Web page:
BY LAURA FIGUEROA and ROBERT SAMUELS, rsamuels@MiamiHerald.com
Above the cautionary words was a photo of a 5-foot-6, round-faced Broward Sheriff's Office deputy, Jonathan Morgan Bleiweiss. Stay away from him, warned Father Bob Caudill, after hearing dozens of complaints about how the rogue deputy was terrorizing the homeless who came to the mission.
About a month after the flier went up, BSO's Oakland Park District had a plaque engraved with Bleiweiss' name and the words ``Employee of the Year.'' The honor was bestowed on the deputy for his aggressive policing and professional attitude. He became a symbol of the gay community, an officer unafraid of being open about his sexual orientation, who represented BSO at gay pride events.
The chasm of the officer's character -- one rewarded by the powerful, but reviled by the powerless -- deepened this month when Bleiweiss was arrested by his own colleagues.
Bleiweiss, 29, stands accused of coercing at least eight men -- all undocumented immigrants -- into performing sex acts with him or risk deportation.
Around 5 a.m. each morning, a handful of men, mostly undocumented immigrants from Mexico and Central America, would gather before dawn on a remote side street of an Oakland Park apartment complex and wait for rides to construction jobs around the state.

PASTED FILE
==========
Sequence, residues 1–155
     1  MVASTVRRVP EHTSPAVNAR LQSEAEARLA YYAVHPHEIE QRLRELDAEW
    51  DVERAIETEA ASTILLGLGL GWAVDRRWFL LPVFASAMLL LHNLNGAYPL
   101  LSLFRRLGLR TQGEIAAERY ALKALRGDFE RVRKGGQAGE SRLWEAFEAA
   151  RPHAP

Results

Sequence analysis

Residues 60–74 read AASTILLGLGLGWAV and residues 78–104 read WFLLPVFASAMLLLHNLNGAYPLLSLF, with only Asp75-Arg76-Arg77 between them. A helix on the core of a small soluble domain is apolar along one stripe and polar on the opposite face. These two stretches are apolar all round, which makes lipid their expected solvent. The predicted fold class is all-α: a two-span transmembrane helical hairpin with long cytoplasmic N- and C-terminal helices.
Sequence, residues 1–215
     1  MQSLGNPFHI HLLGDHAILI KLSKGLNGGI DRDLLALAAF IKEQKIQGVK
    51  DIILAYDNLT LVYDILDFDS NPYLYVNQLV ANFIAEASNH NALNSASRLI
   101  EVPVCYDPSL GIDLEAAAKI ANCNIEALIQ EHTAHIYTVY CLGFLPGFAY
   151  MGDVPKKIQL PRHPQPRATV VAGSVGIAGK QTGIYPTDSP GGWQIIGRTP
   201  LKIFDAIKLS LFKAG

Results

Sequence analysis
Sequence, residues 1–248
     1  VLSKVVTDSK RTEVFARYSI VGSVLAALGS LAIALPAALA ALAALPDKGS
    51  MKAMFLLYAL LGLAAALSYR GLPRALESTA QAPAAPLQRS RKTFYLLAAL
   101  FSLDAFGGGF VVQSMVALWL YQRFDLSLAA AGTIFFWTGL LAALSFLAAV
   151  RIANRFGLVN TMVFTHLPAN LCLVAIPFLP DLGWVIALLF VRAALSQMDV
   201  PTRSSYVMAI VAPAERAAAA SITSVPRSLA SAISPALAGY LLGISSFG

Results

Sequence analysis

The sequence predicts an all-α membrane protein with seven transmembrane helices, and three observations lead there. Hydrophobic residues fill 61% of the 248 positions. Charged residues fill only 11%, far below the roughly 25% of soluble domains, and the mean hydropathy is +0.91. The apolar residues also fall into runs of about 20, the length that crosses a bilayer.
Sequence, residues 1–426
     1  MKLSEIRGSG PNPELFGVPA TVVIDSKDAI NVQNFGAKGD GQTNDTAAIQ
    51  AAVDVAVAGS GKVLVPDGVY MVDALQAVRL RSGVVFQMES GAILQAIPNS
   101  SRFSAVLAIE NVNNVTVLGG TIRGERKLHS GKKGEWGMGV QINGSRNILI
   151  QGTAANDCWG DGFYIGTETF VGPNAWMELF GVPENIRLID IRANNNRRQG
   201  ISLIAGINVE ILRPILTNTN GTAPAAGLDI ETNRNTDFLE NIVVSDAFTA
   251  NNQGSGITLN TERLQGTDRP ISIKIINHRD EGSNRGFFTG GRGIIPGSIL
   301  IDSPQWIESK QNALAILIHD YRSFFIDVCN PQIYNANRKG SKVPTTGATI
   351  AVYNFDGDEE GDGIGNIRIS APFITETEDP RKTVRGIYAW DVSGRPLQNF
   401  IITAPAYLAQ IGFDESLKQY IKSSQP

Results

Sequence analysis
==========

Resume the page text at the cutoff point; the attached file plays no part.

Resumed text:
A couple of months ago, they stopped waiting there. Many begged their rides to pick them up directly in front of their apartment unit. Others say they started taking the bus to wait for rides outside of city limits.
Rumors were spreading about a ``gringo'' sheriff's deputy who drove up and down that street, pulling over Hispanic-looking men. He'd ask for proof of residency and, if they didn't have it, ask for their ``leche,'' slang for oral sex.
``People were inside their house by 10 because they didn't want to be on the street when he was out,'' said Miguel Angel, 29, a dry wall contractor. ``They changed locations for where they got picked up for work . . . he was like a shark driving up and down that street.''
On April 23, a 30-year-old man was waiting for his ride to work when Bleiweiss stopped and asked for his identification, according to an arrest warrant. After showing his Mexican ID, Bleiweiss put him against his patrol vehicle to perform a pat down, the man told detectives.
During the pat down, the man told BSO that Bleiweiss reached into his pants, fondling him and making crude comments.